Ben Lerner’s vision of America in The Topeka School is one of an angry and twisted “adolescence without end,” where boys are victimized by impossible expectations, and a culture of toxic cruelty and deception warps their response to life’s demands. Interrogating the ability of the novel to reflect the chaos of human experience, Lerner asks the reader to surrender expectations of closure, as they enter the lives of characters whose wounds will not easily heal. At the same time, he offers a kind of hope in the “special power involved in repurposing language” in order to make sense of both pain and survival.
At the center of the novel is Adam Gordon, a gifted high school student in the 1990s of Topeka, Kansas, whose parents are Jewish East Coast transplants working as psychologists at a renowned clinic. Alternating chapters assume the perspective of different characters, including Adam himself, each of his parents, and a student with cognitive disabilities who becomes the pawn of his anxious peers’ struggle with their own vulnerabilities. Adam’s involvement in forensic competitions is emblematic of his need to stand out in a forum uncorrupted by crude standards of male accomplishment, but even these verbal competitions are compromised by aggression and lies. His mentor is a native Midwesterner who slyly suggests that Adam erase his family’s origins and appeal to the conservative prejudices of the region. Throughout the narrative, the Freudian theories which underpin his parents’ perspectives contrast with a milieu where drinking to the point of oblivion and resorting to force are accepted social currency.
The novel has an apparent contradiction at its core. Lerner’s immersion in the minute details of Adam’s life and the ramifications of family betrayals and secrets threaten to become overwhelming. Adam’s parents and their peers seem consumed by their personal and professional conflicts, almost to the point of self-absorption. Yet, Lerner unobtrusively assembles their individual experiences across time and geography to construct a convincing picture of a world distorted by dishonesty and unrestrained power. Adam’s father recalls his own childhood spent partly in the American community of Taiwan, where postwar imperialism and racism intersected with unquestioned male power. His mother recalls the response of her male colleagues to her increasing success as an author, wryly using her own analytical training to explain why she threatens their world view. The equation of individual failures with the broad collapse of social structures is not new in literature, but Lerner brings sharply incisive language and insights to prove how devastating this relation can be. He is unsparing in suggesting connections between the distortions of reality which Adam sees all around him, and the daily assault on the truth which now characterize public communication.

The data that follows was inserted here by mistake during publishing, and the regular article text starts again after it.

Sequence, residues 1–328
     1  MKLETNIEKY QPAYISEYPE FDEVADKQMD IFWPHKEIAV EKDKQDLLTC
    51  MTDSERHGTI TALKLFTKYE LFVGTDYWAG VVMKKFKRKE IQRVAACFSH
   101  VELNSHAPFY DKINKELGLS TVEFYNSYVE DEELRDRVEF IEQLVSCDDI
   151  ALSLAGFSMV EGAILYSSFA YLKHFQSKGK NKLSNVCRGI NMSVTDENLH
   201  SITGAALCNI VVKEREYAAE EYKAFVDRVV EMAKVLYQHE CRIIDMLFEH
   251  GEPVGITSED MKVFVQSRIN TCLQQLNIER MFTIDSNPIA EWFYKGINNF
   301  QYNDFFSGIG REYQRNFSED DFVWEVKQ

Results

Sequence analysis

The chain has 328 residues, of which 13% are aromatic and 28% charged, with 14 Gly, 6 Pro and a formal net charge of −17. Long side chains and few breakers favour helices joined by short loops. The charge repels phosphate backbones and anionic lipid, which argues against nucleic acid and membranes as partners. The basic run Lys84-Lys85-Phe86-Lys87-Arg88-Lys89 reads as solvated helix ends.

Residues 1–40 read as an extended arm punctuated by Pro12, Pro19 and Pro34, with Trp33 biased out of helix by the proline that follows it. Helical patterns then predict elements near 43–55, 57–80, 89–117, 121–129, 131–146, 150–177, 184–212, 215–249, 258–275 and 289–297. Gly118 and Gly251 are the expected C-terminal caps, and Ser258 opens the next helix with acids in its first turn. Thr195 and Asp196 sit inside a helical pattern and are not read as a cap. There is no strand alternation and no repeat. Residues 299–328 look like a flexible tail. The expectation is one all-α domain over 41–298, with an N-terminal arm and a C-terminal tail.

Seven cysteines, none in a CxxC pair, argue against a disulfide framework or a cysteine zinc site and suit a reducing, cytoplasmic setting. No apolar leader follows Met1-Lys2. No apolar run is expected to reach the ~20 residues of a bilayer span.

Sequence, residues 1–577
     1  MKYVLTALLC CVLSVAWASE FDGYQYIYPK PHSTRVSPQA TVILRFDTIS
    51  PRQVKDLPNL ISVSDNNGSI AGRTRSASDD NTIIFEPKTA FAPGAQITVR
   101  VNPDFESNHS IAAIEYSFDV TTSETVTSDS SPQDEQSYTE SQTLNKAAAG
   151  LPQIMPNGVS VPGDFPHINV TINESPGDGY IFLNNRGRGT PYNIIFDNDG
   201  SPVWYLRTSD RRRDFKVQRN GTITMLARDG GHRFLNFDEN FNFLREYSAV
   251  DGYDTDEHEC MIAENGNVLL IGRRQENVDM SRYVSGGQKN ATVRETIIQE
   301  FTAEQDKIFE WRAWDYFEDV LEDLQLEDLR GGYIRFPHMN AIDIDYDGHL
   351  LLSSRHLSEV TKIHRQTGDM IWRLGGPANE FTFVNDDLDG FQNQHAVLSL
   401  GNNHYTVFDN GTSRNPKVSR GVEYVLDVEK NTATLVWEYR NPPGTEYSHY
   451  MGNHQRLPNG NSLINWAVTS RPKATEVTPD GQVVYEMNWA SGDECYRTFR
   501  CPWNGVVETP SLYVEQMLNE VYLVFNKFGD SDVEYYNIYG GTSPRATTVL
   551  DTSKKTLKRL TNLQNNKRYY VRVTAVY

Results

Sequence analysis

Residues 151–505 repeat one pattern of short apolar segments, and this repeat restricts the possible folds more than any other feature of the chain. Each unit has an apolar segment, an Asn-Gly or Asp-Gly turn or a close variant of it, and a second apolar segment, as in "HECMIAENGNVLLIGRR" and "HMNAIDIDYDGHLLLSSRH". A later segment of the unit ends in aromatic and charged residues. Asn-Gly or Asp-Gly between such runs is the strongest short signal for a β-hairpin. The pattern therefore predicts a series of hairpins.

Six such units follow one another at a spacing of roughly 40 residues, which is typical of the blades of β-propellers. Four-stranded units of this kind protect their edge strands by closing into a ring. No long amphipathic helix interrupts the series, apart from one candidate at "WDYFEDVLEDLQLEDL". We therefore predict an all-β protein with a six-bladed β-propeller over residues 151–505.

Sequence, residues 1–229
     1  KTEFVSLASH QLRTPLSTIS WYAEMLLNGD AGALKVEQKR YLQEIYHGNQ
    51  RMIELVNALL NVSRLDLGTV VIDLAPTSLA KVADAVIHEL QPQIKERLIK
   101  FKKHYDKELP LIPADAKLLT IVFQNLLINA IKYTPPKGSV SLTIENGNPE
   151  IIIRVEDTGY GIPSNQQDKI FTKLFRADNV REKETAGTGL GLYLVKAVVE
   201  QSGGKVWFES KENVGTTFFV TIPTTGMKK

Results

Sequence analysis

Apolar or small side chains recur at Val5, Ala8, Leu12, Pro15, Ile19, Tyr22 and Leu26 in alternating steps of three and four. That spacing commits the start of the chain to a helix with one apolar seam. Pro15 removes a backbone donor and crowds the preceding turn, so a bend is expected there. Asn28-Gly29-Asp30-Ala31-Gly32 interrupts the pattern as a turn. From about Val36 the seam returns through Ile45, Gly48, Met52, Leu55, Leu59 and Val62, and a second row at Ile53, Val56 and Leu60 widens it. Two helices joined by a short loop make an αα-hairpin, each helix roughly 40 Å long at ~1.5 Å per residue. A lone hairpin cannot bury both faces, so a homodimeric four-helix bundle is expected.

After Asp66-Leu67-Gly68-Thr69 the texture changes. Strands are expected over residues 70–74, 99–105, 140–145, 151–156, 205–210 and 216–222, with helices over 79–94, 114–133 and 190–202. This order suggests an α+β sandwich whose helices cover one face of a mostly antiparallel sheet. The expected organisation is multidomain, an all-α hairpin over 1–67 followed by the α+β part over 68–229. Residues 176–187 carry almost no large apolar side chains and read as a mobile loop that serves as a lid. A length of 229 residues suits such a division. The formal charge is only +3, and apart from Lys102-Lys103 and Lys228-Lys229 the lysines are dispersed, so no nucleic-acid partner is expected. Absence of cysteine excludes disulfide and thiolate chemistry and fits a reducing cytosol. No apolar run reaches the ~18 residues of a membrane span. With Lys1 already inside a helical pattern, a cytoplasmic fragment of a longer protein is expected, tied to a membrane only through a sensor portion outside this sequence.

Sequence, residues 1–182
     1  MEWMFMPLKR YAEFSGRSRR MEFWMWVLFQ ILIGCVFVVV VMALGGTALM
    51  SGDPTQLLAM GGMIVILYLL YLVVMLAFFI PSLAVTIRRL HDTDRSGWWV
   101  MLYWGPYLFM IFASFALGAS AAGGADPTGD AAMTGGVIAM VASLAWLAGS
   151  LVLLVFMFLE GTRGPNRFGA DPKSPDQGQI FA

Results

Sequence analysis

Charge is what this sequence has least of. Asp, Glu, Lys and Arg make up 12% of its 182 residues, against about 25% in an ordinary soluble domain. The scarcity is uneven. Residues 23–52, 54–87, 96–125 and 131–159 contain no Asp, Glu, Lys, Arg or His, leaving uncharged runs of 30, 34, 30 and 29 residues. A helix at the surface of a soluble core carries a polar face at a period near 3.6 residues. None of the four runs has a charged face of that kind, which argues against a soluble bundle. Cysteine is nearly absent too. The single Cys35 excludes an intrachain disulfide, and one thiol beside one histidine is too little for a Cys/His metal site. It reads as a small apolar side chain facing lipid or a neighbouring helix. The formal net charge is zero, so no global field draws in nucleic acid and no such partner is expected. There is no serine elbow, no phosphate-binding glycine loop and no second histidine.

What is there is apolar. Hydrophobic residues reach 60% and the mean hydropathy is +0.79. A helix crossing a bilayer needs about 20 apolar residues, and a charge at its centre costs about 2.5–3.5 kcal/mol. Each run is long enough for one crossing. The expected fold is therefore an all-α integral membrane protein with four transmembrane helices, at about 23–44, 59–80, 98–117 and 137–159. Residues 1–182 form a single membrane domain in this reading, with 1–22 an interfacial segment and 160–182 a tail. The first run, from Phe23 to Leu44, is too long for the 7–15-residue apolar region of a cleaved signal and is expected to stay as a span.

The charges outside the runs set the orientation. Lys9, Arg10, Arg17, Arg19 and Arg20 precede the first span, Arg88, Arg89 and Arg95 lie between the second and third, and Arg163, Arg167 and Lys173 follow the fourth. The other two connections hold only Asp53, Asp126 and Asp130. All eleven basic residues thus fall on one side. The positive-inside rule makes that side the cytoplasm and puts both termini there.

The Topeka School teaches how life leaves scars and how fragile self-constructed identities may be. When a young Adam remarks on a “brief but hideous analogy” between his grandfather’s hospital bed and the reclining driver’s seat of his own car, readers know that this novel is worth the ride.
Emily Schneider writes about literature, feminism, and culture for Tablet, The Forward, The Horn Book, and other publications, and writes about children’s books on her blog. She has a Ph.D. in Romance Languages and Literatures.